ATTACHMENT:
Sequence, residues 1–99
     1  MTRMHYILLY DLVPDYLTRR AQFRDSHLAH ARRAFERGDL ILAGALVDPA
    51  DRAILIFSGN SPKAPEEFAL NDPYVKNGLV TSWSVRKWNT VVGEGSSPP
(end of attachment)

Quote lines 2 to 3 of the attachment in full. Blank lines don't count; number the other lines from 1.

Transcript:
     1  MTRMHYILLY DLVPDYLTRR AQFRDSHLAH ARRAFERGDL ILAGALVDPA
    51  DRAILIFSGN SPKAPEEFAL NDPYVKNGLV TSWSVRKWNT VVGEGSSPP